This post refers to Save With Jamie, which is a book I was sent free of charge. I was not asked to write any content about the book, and Jamie Oliver is unaware that I’m doing so. And believe me, JO always likes to keep up with the latest Rock Salt posts.
I roasted a whole chicken last Monday. I love roasting a whole bird – the smell of it filling the house, the awesome gravy you can make from the pan, the choice of any kind of meat, the indefinable but irrepressible sense of accomplishment… But, when you’re often only cooking for one, it can be a bit of a food waste minefield.
I turned to Jamie Oliver’s cookbook Save With Jamie to see what I could do with the leftovers that wasn’t just ‘reheat them in the microwave and eat chicken and potatoes every night for a week’. There were lots of options – there’s a whole section on chicken alone – that made me excited about making dinner with leftovers. This is no mean feat for a leftovers shirker like myself; I hate to waste food, but I get bored by the same dinner two nights in a row. Let’s just say my freezer is always full of mystery tupperwares – I knew what was in them when I put them in, but the information is shrouded in the mists of time.
The recipes I decided to make was his chicken chowder, though I changed it to suit the ingredients that I had to hand – I threw in some frozen peas and some tenderstem broccoli. The cooking time was sped up by using cooked potatoes instead of raw, and I made some substitutions. This is partly because the recipe called for bacon, and when I defrosted what I thought was a stack of rashers, it turned out to be a pork chop. See above note on mystery tupperwares. A wee sneak preview of the end result:
Fair warning – this soup ends up looking a lot more attractive than it starts out. In fact, it starts out pretty ugly.
I began with a tablespoon of oil, a couple of shallots, and some cooked new potatoes.
When the shallots are softened, and the potatoes crushed into a starchy mess, add some chicken stock – ideally, freshly made from the carcass of the chicken you roasted earlier in the week. When I made my stock, I used the water the potatoes had boiled in, and poured in the veg that had been sitting under the bird as well as the pan juices. Might as well pack in as much flavour as you can, right? A stock cube would also be fine, and is my usual recourse, but I figured that if I was roasting a whole chook I may as well go the whole hog. Or chicken.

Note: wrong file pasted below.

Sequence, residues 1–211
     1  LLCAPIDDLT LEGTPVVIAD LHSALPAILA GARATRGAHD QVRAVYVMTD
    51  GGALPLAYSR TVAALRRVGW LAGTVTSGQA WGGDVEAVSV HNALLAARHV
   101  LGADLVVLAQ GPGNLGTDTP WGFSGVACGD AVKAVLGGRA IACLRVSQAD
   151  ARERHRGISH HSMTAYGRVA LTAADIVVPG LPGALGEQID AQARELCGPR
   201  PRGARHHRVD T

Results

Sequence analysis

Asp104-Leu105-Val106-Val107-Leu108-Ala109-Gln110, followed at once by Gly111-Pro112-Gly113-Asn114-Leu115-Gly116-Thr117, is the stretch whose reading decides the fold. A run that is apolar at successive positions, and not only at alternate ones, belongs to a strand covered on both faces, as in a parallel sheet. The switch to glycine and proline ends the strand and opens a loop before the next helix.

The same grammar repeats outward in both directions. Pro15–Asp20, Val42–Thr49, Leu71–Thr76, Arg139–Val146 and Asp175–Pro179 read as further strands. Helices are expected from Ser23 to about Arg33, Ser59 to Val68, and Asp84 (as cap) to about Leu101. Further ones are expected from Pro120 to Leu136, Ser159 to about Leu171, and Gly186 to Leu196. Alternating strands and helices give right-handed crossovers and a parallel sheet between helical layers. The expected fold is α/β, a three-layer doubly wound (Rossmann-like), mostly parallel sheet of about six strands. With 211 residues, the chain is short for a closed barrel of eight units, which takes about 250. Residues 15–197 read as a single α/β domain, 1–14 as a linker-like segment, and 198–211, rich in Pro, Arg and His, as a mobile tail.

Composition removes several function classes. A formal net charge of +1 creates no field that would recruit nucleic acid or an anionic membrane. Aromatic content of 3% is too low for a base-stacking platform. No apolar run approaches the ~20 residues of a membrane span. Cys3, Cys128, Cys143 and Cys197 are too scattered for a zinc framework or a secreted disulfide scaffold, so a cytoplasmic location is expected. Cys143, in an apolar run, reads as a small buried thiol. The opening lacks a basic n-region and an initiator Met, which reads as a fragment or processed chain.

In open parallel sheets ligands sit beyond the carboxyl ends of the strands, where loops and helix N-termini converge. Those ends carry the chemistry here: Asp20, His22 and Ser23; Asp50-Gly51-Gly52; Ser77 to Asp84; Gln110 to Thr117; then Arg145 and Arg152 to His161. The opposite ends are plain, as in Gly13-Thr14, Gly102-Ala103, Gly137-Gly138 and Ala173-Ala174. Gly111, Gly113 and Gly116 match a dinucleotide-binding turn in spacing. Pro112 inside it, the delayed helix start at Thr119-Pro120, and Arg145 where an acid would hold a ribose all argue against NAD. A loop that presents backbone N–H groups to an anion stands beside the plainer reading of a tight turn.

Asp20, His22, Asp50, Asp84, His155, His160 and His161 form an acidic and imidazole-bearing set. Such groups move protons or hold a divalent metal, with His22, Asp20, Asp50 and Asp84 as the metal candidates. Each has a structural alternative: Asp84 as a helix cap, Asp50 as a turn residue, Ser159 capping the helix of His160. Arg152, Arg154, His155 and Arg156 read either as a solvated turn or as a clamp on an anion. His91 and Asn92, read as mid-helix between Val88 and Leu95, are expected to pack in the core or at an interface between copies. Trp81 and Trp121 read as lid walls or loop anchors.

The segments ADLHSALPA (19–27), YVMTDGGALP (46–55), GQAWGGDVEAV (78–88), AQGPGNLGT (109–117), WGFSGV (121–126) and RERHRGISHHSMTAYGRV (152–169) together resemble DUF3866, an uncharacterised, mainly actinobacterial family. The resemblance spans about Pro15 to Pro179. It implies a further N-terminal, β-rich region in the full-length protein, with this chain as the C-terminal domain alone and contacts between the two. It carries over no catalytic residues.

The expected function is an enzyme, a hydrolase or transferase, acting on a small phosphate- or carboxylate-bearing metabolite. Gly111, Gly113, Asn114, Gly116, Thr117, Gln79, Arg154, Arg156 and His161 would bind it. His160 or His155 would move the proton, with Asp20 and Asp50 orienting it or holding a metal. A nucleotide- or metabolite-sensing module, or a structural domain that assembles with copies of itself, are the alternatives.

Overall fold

After about fifteen minutes, the potatoes had absorbed a lot of the stock, and thickened it considerably. I then pureed it into a really thick paste, which looked only marginally more appetising than the brown soup it had been before.
I put in frozen peas, frozen sweetcorn, chopped tenderstem broccoli, and plenty of shredded chicken – this is ideal for using up wing meat and other scraps.
I addressed the consistency of the soup by adding both single cream and more stock, until it was the texture and taste I wanted. Too much cream would be too rich; you could probably go with stock only, though I like the extra luxury the cream adds.
I left the soup to simmer for about twenty minutes – the broccoli took an age to cook, another time I would steam it separately and add it in to the soup fully cooked.
Before making the soup, I made oyster crackers to serve with it. Oyster crackers are a thing I’ve never seen here in the UK. I experienced them on holiday in Maine, after eagerly ordering a bowl of clam chowder. They’re just simple little savoury biscuits, and it turns out you can make them at home with very few ingredients, most of them are in the store cupboard already. They are easy to make, and you can choose your own shape, which was another reason for me to use my little icing cutter tools. I love those guys.
I used a recipe from Serious Eats, and made three different shapes for my own amusement. The method is similar to making scones, and not only is it easy to put together, it’s quick, too. You should let them rest in the oven for about twenty minutes after baking, though, so it’s best to make them before you start the soup.
Once the crackers were baked, and the soup was ready, I put the lot together, and added some pea shoots in lieu of any fresh herbs. They were excellent, crunchy and fresh.
Usually I’d be insistent on some bread to go with this kind of dinner, but the crackers took care of the carb side of things. If you make them, you might want to have a wee bowl of extras on hand to drop on top of your soup as you go along.
All in all, this was a massive success, and I also managed to make enough for only two portions, so that I wasn’t then stuck having the soup every night for a week instead of plain chicken. Doing that would have made the whole thing a pointless exercise, really.